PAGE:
Facing racism's hard reality

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Travel Weekly obtained an internal communication Royal Caribbean Cruises Ltd. CEO and chairman Richard Fain sent to his employees on June 1. We are reprinting it here, with his permission.

The challenge of controlling the pandemic has been all-consuming the past few months. The virus threatens society, and the world is heavily invested in fighting it -- because, done right, this challenge can last months instead of years.

Richard Fain
Richard Fain

If only we could only summon the same focus and unified effort to fight racism.

The horrifying story of George Floyd, and the heartbreaking images of the social protests that followed, remind us that in America, this problem is not acute -- it won't run its course in a finite period, like a virus, and then be gone. Racism is chronic, a condition of the system that has afflicted us for centuries. And like any chronic condition, we can never stop fighting it, or it will overwhelm us.

The past week teaches us a hard lesson: we have assumed progress in this area, but the actual progress has not evolved as far as we have all assumed or hoped. There hasn't been some sudden spike in racism, just more people recording incidents and showing us in a tangible way what so many feel every day. Or, as Will Smith put it, "Racism is not getting worse, it's getting filmed."

At the end of the day, it is still much harder to be a person of color in America than it is to be white. We can go months trying to tell ourselves otherwise; then there is yet another episode like George Floyd's to remind us of the hard reality.

I think we have advantages here at RCCL to see the world in a broader, more human way. Miami is a crossroads of cultures and nationalities, white, black and brown. In our offices, we work with each other, count on each other, and, I hope, learn from each other. People who live in less diverse communities don't have that opportunity the way we do.

And our headquarters supports a business built on helping people encounter other people, other places and other cultures. Travel is discovery, discovery leads to insights, insights lead to change. Who has better claim to be citizens of the world than the men and women of our crew.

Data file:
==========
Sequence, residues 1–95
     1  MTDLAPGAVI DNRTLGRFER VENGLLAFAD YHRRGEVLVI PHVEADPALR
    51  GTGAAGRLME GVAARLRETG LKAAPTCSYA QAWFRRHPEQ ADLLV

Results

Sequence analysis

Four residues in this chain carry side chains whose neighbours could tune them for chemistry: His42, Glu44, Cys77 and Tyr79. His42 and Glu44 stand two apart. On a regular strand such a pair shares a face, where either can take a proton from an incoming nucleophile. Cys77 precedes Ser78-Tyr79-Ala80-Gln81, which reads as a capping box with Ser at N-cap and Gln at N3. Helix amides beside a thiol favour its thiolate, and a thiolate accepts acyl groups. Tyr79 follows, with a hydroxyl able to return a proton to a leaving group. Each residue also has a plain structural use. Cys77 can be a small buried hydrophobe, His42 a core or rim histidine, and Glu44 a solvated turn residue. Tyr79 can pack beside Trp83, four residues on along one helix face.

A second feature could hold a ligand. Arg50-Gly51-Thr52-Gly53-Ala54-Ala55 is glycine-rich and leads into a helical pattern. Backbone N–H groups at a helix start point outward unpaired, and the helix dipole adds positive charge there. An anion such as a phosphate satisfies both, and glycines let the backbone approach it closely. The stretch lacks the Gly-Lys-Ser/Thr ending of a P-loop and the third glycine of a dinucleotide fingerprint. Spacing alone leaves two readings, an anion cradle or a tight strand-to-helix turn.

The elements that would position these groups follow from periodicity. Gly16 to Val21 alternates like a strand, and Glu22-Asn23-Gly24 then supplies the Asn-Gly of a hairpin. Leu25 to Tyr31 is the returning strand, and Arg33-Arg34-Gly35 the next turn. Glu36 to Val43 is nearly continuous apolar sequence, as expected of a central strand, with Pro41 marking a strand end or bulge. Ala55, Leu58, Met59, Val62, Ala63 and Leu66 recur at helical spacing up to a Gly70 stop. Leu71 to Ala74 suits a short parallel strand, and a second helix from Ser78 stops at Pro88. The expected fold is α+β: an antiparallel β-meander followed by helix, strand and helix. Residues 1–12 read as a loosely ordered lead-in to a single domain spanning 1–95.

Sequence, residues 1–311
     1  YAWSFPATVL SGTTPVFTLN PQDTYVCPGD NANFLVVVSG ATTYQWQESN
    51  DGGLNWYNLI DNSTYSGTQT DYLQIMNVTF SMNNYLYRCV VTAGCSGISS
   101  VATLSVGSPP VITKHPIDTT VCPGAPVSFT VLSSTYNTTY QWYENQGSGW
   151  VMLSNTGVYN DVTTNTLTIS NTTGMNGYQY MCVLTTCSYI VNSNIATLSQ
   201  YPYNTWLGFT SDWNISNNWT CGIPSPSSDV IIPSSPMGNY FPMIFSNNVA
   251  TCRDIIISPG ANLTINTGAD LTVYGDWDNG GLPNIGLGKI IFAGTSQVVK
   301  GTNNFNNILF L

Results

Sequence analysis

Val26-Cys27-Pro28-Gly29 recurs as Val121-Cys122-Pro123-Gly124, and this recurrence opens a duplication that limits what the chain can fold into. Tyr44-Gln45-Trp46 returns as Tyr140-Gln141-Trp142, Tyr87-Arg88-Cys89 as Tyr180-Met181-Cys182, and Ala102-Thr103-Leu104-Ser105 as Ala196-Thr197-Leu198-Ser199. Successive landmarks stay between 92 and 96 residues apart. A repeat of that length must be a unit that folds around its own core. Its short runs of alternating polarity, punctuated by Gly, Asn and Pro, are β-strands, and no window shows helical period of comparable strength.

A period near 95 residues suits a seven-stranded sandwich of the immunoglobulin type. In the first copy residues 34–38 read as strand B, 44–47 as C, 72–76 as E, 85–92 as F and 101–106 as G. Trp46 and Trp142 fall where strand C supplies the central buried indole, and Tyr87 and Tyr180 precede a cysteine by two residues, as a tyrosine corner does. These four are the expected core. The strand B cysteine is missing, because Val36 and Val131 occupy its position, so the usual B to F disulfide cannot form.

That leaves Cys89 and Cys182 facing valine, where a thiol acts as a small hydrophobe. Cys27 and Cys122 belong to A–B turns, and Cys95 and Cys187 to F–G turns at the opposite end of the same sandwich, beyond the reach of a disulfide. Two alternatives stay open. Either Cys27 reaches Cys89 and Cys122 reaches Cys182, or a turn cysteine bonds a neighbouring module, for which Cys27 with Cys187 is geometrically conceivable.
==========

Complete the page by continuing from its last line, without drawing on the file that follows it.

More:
And yet, and yet. It is so easy to step off the ship, to walk out of the office, and say, we have this figured out. It doesn't happen here.

But look at your TV. It does happen. No matter how safe a space we think we have created here, once we step out of our offices, it is still not safe for some of our colleagues or their children, especially young men of color, to go for a run or to visit a store. YES ... in America.  YES ... in 2020.

That is the hard fact that the protests are designed to make us face: that our treatments to date for the chronic condition of racism may make us feel better, but the condition is by no means cured.

So whatever each of us is doing -- it's not enough.

I'm asking our Employee Resource Groups to help us advance this discussion. It will have to be virtual for now, but we hope we can soon do it face to face. These are difficult conversations that need to be had in the workplace to make sure we learn to be the allies we want to be for each other.

We are also evaluating philanthropic partners who are demonstrating an ability to mobilize for change on this subject like our friends at March for Our Lives and WWF are forcing conversations on gun violence and climate change.

And I am asking you to bring these difficult conversations home, as well. Friends and colleagues live with fear they should not have to. What can I change, you change, our families change to make that fear, finally, a thing of the past? 

Richard Fain is the chairman and CEO of Royal Caribbean Cruises Ltd.

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